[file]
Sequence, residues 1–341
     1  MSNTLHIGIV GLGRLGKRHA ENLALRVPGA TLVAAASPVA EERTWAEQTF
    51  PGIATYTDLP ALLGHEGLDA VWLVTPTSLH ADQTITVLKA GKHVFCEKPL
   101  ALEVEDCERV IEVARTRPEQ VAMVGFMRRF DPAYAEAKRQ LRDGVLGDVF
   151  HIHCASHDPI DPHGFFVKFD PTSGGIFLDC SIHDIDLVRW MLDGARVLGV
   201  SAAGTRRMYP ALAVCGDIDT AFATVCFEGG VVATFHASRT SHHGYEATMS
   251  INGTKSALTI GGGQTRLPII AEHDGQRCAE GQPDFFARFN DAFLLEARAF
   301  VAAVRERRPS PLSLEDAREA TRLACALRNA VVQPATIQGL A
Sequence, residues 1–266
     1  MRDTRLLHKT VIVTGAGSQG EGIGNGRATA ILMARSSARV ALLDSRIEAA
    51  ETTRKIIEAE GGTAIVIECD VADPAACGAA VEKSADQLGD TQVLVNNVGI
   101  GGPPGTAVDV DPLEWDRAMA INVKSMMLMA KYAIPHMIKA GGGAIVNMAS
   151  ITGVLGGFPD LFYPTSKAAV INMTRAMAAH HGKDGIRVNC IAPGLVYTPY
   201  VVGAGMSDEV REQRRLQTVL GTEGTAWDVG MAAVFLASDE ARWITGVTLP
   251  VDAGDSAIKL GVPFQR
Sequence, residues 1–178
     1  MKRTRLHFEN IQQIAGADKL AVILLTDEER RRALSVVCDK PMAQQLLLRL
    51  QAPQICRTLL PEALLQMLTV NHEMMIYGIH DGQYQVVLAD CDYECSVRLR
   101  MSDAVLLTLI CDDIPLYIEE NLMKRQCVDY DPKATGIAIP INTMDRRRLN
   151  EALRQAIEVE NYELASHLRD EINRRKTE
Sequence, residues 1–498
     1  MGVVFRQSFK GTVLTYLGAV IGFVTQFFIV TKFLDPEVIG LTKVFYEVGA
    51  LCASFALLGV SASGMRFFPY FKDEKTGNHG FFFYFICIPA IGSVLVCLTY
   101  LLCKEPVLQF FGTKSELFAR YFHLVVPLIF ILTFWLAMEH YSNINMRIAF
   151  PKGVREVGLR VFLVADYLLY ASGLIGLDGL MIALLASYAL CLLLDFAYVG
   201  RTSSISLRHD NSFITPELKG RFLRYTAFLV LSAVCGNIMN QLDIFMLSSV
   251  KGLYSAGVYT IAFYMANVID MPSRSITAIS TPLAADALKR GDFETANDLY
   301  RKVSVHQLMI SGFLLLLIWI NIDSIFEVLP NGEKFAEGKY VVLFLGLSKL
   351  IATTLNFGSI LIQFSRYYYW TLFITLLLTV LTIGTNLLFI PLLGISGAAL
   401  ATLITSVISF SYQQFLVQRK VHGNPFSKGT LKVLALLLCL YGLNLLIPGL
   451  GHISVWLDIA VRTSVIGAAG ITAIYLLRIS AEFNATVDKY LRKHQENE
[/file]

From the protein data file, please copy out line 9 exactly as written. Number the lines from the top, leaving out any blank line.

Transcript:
Sequence, residues 1–266